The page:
Three percent hydrogen peroxide solution has long been out of favour in the endodontic irrigation protocol; its inclusion did not increase the solvent action of NaOCl.5 Furthermore, It has been well documented for more than 100 years that sodium hypochlorite (hypochlorous acid) alone will remove pulpal remnants, organic debris and predentin from instrumented and uninstrumented surfaces of the root canal space. Only recently have researchers determined theoretically how chlorine derivatives disinfect by their action on gram-negative bacteria. They act by attacking the bacterial cell wall, altering it physically, chemically and bio-chemically thereby terminating the cells vital functions and killing the microorganism.

A possible sequence of events during chlorination would be:

1) disruption of the cell wall barrier by reactions of chlorine with target sites on the cell surface

2) release of vital cellular constituents from the cell

3) termination of membrane-associated functions

4) termination of cellular functions within the cell

During the course of these events, the microorganism dies, meaning it is no longer capable of growing and causing disease. Shuping et al6 have recently shown that when using 1.25% NaOCl, the apical portion of the root canal must be enlarged to at least a diameter 0.279mm for it to be more effective in eliminating microorganisms than saline. The question of concentration has been addressed by Baumgartner and Cuenin.7 While varying dilutions were still effective in removing organic debris, a full strength solution (5.25%) of NaOCl delivered with either an endodontic irrigation needle or an ultrasonic device proved most effective with no perceptible injury of the peripheral attachment apparatus.

Of note; one of the primary disadvantages of NaOCl (Chlorox) has been its smell. The introduction of “fresh scent” sodium hypochlorite (Clorox) has eliminated that problem. Harrison et al.8 demonstrated that formulary changes involved in the manufacture of the “fresh scent” sodium hypochlorite had no apparent effect on its antimicrobial properties.


A study by Cunningham et al.9 demonstrated that while the in vitro bactericidal action of sodium hypochlorite solution was comparable at room temperature (22C) and at body temperature (37C), sterility was achieved in significantly less time at 37C. A study by Berutti et al (10) compared the effect of 5% sodium hypochlorite solution at 21C and at 50C. The findings demonstrated that in the middle third of the root canal space, where NaOCl had been used at 50C, the smear layer was thinner and made of finer, less well-organized particles than where it had been used at 21C. In the apical third, the smear layer was of almost the same thickness in the two groups of specimens, although the particles were finer where the NaOCl had been used at 50C.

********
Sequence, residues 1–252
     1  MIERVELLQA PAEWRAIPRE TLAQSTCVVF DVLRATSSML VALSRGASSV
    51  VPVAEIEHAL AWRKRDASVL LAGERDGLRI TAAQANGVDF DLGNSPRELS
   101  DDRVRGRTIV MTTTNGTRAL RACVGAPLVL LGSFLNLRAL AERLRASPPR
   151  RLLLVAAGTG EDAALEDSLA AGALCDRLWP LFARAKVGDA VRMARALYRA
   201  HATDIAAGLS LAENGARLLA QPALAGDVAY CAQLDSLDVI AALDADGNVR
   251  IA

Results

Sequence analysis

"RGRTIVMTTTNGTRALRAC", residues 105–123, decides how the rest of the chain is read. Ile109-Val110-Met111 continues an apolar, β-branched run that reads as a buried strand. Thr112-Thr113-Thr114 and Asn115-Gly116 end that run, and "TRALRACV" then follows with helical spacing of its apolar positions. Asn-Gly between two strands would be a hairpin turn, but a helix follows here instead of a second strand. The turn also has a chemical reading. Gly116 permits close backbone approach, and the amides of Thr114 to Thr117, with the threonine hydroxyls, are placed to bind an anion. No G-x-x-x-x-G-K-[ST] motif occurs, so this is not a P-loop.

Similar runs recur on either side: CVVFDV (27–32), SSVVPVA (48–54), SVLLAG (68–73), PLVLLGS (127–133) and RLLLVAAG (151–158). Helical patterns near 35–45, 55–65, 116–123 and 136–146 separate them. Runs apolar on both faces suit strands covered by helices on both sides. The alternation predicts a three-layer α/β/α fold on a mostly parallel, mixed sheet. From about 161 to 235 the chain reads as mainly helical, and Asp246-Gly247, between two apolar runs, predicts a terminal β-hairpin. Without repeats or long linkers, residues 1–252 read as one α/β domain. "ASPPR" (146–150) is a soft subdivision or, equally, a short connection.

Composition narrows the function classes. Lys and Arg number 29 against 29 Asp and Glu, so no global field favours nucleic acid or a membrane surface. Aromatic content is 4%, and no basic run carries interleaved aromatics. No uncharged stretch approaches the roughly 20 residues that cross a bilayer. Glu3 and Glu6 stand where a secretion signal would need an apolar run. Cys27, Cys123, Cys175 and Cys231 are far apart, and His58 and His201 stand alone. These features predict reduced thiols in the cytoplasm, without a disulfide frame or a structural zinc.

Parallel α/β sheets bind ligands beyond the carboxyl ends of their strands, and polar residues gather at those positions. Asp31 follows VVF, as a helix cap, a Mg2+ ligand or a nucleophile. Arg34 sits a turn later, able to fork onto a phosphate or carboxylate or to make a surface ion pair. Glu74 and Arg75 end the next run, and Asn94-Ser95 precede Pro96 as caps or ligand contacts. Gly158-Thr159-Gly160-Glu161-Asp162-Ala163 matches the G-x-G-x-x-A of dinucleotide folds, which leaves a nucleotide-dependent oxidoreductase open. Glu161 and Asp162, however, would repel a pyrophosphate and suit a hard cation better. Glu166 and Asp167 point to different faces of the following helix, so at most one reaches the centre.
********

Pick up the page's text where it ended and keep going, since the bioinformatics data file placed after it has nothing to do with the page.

Irrigation syringe warmers are now commercially available (Vista Dental, Racine WI). Thermo-acceleration of an irrigation solution would logically speed up the dissolution of organic debris in much the same way that sugar dissolves in hot water quicker than in cold water. Alternatively, the solution can be microwaved before the procedure and coffee cup warmers can be used to hold the solution container during the procedure.


The most effective irrigation sequence for removing the smear layer and other debris is the alternating sequence of sodium hypochlorite (NaOC1) and ethylenediaminetetraacetic acid (EDTA). NaOC1 will dissolve and aid in the removal of the organic component and EDTA will aid in the removal of the inorganic calcific component of the smear layer (the combined organic and inorganic layer that is produced during canal instrumentation left behind on the root canal walls, which may occlude accessory canals and dentinal tubules). The inclusion of absolute ethyl alcohol in the sequence will increase the penetrability of both irrigants. The inclusion of CHX (chlorhexidine) in this sequence has been demonstrated to further synergize its effectiveness. Many studies have noted a significant decrease in cleaning efficiency as the apical end of the canal was approached. This was corrected in a study by wherein it was demonstrated that 30 second ultrasonic pulses of the irrigant between file sizes particularly as the apical terminus was approached would effect almost total smear layer removal.11